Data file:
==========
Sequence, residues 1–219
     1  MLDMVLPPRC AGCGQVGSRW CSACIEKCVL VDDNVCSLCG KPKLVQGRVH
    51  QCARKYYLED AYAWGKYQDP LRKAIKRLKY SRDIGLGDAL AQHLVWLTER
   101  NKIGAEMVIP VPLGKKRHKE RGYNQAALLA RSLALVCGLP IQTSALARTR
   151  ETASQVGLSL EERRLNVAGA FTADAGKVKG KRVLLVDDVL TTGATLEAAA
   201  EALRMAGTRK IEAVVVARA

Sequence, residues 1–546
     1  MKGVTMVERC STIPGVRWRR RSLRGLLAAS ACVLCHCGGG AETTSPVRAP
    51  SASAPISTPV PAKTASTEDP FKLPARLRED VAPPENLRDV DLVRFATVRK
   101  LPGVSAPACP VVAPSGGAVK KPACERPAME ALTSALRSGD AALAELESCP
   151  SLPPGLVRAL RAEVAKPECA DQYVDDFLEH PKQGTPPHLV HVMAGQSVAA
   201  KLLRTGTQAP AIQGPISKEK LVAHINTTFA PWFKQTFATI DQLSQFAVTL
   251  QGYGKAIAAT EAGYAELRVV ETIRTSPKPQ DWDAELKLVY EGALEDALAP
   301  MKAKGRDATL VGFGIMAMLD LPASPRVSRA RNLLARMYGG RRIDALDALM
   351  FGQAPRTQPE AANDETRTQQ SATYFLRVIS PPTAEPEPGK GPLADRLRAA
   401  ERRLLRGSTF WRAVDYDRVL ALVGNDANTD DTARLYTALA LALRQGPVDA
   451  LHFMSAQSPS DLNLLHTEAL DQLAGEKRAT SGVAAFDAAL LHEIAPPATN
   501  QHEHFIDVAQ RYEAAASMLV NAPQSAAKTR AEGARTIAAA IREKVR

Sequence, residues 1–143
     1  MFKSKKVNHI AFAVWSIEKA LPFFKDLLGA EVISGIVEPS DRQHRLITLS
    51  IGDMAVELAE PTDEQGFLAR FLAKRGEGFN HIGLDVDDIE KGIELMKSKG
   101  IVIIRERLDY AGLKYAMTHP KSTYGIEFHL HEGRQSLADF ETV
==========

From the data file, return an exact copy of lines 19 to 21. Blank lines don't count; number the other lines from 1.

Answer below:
Sequence, residues 1–143
     1  MFKSKKVNHI AFAVWSIEKA LPFFKDLLGA EVISGIVEPS DRQHRLITLS
    51  IGDMAVELAE PTDEQGFLAR FLAKRGEGFN HIGLDVDDIE KGIELMKSKG